August 19, 2015
By Shannon Brownlee, MSc
Last week, an American heroine died. A family doctor who went to work for the U.S. Food and Drug Administration (FDA) in 1960, Frances Oldham Kelsey prevented thalidomide from being marketed in the U.S., a decision that saved thousands of children from terrible birth defects.
Thalidomide was already being sold in Europe to pregnant women for morning sickness under the brand name Kevadon. But when the manufacturer, the William S. Merrell Company, of Cincinnati, applied to the FDA for marketing approval, Kelsey refused, citing a lack of safety data.
“Thus began a fateful test of wills,” as her New York Times obit put it. Kelsey kept requesting more information. The company stonewalled. They went to her superiors, complaining that she was a fussy, stubborn, petty bureaucrat who was blocking them from bringing relief to American women.
Not until the following year did reports begin coming from Europe of the terrible birth defects in thousands of children born to women who took thalidomide. By then, only a few hundred pregnant women took the drug in the U.S., thanks to Frances Kelsey.
A public servant like her wouldn’t have much of a career in today’s FDA. This is an agency under siege, whose power to protect the public from bad science and dangerous or ineffective drugs is being steadily eroded by Congress and the courts. The latest assault on public safety, reported ironically enough in the same issue of the Times as Kelsey’s death, is a recent Federal District Court ruling against the FDA’s enforcement of regulations prohibiting drug companies from off-label marketing.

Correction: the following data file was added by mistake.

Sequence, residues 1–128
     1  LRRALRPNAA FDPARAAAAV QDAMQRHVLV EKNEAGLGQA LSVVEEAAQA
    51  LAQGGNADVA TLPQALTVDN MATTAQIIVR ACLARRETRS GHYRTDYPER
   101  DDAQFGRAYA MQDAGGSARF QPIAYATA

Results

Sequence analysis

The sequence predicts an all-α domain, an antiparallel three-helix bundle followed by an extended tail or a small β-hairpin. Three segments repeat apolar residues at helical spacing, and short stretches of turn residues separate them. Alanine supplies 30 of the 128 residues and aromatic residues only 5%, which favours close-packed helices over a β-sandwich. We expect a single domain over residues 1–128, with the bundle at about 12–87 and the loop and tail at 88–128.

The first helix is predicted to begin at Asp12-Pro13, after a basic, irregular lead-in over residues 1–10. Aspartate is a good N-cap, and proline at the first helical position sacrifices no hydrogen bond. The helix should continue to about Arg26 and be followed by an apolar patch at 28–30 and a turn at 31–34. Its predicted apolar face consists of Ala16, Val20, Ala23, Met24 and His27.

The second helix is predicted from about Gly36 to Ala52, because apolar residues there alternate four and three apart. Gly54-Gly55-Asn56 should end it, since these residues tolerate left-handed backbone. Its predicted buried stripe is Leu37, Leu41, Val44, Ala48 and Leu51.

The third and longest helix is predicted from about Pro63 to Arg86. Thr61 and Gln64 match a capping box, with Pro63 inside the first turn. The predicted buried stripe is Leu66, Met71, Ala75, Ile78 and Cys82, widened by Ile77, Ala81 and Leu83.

The case against the FDA was brought by four doctors and Amarin Pharmaceuticals, the maker of Vascepa, which is basically high-power fish oil in a pill. The FDA approved Vascepa in 2012 for patients with a genetic condition that causes extremely high cholesterol. Two years ago, the company applied for permission to market the pill to patients at lower risk for heart attacks and strokes, and the FDA turned them down, citing a lack of evidence.
What does a company do when it isn’t allowed to peddle its fish oil? It sues, claiming that the agency’s refusal to let it market its drug off-label is a violation of free speech.
Seriously? Since when is drug marketing the equivalent of me being allowed to stand on a street corner and criticize the government? Gosh, and here I thought the First Amendment was supposed to protect we, the people, not corporations.
 Many if not most patients are probably unaware that their doctors are permitted to prescribe drugs “off-label,” for conditions other than the one approved by the FDA. And they almost certainly don’t know that companies aren’t allowed to market for off-label uses.